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Why I love flaxseeds, and how I use flaxseed oil to save big bucks

 

The oil pulling craze is really taking on the public’s radar these days.


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Regardless, flaxseed oil is one that I’ve been using for something else that doesn’t involve swishing it in my mouth.

But first, let’s dive in to the actual seeds.

For about six or seven years now, the flaxseed is one of my pantry’s staple foods. As I’m close to emptying the package by Bob’s Red Mill, I’ve recently restocked my fridge with the ground seeds from a local health food store, Club Sehat,

I was first hooked when nutrition experts were hailing flaxseeds as one of the most omega-3-rich and fiber-dense foods out there. With its versatility, I thought I could easily fulfill my daily healthy-fat requirements with a fair share of flaxseeds on any meal. It’s not everyday that I get to eat fish (and I bet you too), and this looks like a sustainable way to meet my daily fat needs.

Slowly but surely, flaxseeds became a must-have topping for my morning oatmeal, and muesli, and yogurt, sometimes salads. It’s nice to have a little bit more texture on everything. They just add that sweet, nutty flavor that’s signature of the flax.

Since I’m pretty nuts about all things nutty, quite naturally, I grew to love flaxseeds.

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According to WebMD, flax has been around since 3000 B.C. Back then, flax crops are widely cultivated in China and Egypt. Fast foward to the 8th century – king Charlemagne of France believed in the health benefits of flaxseeds so much that he passed a law that requires all his people to consume them.

Among its many health claims is in helping to reduce cholesterol levels. Just last January, the Flax Council of Canada accepted the claim that a daily consumption of five tablespoons (40g) of ground flaxseeds will help lower blood LDL cholesterol (a.k.a. the “bad” cholesterol), a sign of good cardiovascular health.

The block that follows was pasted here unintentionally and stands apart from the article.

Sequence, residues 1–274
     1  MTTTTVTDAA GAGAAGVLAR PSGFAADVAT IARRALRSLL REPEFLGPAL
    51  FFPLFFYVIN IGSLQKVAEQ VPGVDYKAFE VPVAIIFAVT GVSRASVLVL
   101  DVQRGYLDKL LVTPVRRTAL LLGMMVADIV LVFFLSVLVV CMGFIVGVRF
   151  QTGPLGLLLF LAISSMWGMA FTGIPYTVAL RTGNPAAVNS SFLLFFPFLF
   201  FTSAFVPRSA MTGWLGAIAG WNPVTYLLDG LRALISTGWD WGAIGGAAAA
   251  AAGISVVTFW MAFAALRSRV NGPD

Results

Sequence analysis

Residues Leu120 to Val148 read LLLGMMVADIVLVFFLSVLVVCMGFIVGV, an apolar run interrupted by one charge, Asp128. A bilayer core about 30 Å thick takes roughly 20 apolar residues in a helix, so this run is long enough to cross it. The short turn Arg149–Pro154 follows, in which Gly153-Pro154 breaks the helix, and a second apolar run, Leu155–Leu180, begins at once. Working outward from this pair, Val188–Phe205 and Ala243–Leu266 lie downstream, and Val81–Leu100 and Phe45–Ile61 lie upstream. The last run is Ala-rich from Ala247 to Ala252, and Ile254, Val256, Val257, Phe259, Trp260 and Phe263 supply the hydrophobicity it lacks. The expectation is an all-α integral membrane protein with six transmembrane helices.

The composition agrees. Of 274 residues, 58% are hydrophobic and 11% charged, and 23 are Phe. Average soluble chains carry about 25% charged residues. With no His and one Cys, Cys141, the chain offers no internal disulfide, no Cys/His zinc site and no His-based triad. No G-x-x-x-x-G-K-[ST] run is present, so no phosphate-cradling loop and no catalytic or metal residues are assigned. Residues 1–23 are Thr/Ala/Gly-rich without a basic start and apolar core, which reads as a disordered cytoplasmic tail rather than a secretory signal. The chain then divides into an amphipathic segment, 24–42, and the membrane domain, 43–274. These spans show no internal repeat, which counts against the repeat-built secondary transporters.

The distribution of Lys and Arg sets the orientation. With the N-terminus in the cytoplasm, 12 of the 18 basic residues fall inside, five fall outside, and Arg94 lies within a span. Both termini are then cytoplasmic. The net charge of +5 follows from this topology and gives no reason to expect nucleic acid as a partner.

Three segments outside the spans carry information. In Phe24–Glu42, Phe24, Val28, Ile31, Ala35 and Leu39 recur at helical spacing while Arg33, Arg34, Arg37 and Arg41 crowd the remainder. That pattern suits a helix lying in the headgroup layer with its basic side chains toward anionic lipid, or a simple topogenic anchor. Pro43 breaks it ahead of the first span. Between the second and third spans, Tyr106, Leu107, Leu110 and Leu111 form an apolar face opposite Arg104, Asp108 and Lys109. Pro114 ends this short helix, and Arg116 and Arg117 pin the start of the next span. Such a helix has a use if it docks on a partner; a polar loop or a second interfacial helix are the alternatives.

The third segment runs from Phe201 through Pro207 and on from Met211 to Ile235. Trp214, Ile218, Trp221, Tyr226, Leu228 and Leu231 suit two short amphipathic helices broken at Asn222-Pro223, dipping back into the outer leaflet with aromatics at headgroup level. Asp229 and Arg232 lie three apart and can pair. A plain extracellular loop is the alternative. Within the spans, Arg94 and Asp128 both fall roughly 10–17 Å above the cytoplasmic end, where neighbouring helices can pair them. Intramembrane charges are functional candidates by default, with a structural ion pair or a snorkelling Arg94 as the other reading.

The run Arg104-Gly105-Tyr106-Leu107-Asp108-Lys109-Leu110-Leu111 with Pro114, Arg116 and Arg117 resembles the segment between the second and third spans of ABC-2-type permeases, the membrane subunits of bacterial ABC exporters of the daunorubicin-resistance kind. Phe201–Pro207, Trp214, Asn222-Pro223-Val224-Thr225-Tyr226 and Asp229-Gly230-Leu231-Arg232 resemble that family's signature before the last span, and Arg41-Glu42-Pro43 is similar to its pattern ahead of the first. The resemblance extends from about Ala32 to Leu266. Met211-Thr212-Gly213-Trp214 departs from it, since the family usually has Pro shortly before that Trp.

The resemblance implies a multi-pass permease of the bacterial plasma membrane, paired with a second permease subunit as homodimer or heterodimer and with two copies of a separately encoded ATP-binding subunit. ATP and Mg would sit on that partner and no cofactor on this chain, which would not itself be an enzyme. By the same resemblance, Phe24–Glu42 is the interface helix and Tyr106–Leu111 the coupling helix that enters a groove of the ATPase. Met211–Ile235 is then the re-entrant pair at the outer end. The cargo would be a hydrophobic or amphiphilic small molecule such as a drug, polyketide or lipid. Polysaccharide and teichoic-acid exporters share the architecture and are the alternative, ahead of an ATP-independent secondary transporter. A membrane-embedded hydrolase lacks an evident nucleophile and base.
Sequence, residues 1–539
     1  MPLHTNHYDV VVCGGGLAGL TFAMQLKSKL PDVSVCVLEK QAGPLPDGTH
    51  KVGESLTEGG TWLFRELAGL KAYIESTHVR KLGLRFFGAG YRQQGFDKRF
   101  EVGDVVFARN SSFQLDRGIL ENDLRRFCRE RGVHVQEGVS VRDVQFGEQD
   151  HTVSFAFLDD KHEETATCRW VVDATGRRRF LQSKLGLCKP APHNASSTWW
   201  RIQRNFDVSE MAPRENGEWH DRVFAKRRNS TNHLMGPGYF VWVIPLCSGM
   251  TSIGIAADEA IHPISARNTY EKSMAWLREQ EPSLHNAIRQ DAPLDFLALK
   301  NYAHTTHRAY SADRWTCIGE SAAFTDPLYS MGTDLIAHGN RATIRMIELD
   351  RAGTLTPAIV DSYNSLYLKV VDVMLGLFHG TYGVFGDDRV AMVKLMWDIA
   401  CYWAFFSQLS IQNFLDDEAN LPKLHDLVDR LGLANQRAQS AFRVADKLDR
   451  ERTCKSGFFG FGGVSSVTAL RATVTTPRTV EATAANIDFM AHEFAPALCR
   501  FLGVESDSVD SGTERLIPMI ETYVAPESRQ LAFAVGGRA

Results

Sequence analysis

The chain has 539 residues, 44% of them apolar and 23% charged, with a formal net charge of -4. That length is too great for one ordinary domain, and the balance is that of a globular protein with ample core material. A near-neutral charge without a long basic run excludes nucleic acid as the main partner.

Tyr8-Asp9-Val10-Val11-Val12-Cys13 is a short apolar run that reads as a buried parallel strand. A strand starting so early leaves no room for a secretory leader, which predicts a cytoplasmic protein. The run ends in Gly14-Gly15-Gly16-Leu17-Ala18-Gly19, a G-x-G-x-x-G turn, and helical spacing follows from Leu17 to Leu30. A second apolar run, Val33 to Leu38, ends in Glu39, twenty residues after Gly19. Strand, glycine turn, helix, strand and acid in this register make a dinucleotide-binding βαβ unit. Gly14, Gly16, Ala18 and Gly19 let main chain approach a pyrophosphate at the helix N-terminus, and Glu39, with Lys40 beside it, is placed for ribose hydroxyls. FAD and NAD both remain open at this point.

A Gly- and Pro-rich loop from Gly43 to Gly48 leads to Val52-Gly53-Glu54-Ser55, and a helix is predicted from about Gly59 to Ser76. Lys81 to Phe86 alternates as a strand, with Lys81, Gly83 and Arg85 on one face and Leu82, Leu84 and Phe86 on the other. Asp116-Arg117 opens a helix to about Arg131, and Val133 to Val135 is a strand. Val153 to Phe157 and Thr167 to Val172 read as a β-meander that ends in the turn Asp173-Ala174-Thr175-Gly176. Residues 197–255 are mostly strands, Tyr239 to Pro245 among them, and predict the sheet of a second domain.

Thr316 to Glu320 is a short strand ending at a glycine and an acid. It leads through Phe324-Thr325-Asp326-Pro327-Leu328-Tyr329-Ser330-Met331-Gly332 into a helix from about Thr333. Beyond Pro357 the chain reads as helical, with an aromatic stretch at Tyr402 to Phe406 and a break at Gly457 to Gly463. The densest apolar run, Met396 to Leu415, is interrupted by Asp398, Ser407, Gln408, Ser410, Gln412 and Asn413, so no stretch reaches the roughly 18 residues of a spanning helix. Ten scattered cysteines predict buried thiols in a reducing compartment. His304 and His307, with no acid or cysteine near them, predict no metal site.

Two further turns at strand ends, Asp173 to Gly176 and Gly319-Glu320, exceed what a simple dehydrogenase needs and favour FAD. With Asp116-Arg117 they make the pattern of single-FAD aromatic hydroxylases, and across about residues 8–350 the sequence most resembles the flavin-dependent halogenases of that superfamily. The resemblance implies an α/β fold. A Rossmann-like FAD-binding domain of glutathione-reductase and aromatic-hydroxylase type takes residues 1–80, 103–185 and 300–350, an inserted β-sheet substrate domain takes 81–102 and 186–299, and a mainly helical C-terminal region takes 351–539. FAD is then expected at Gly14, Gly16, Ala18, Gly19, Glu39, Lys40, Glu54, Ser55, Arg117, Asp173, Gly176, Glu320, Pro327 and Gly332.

How so?

Well, let’s take a deeper look at its nutritional profile:

Screen Shot 2014-03-20 at 11.34.35 PMWithout a question, flaxseeds are a great source of essential fats and fiber (both the soluble and insoluble kinds).

While it’s boasting a laundry list of beneficial nutrients, the two prime components of flaxseeds’ health-giving effects are its high levels of essential omega-3 fatty acids and the plant estrogen lignans.

Because our body does not synthesize essential fats, we’ve got to get them from food. The fats are needed for normal blood clotting, building brain cells, maintaining eye health (… and skin, and hair, and nails), regulating moods, boosting immunity, and keeping a strong heart, among the many functions. Like in most plant sources of omega-3s, the type in flaxseeds appear in the form of ALA (alpha-linoleic acid), which are harder to digest than the longer-chain EPA (eicosapentaenoic acid) and DHA (docosahexaenoic acid) that are typically found in oily fish and other seafood. To meet our daily EPA and DHA needs, ALA from flaxseeds are partially converted into the other two types of omega-3s – that is, if you haven’t have your fish during the day.

Some heart-healthy effects of the fats in flaxseeds:

  • fights inflammation
  • lowers blood pressure
  • stabilizes blood sugar levels
  • improves blood lipid levels
  • maintains heart’s natural rhythm
  • reduces plaque buildup in the arteries
  • protects against arthritis, obesity, and diabetes

As for the skin, “these fatty acids are responsible for the health of the cell membrane, which is not only what acts as the barrier to things that are harmful, but also the passageway for nutrients to cross in and out and for waste products to get in and out of the cell,” explained Tufts University nutritionist Ann Yelmokas McDermott, PhD, to WebMD.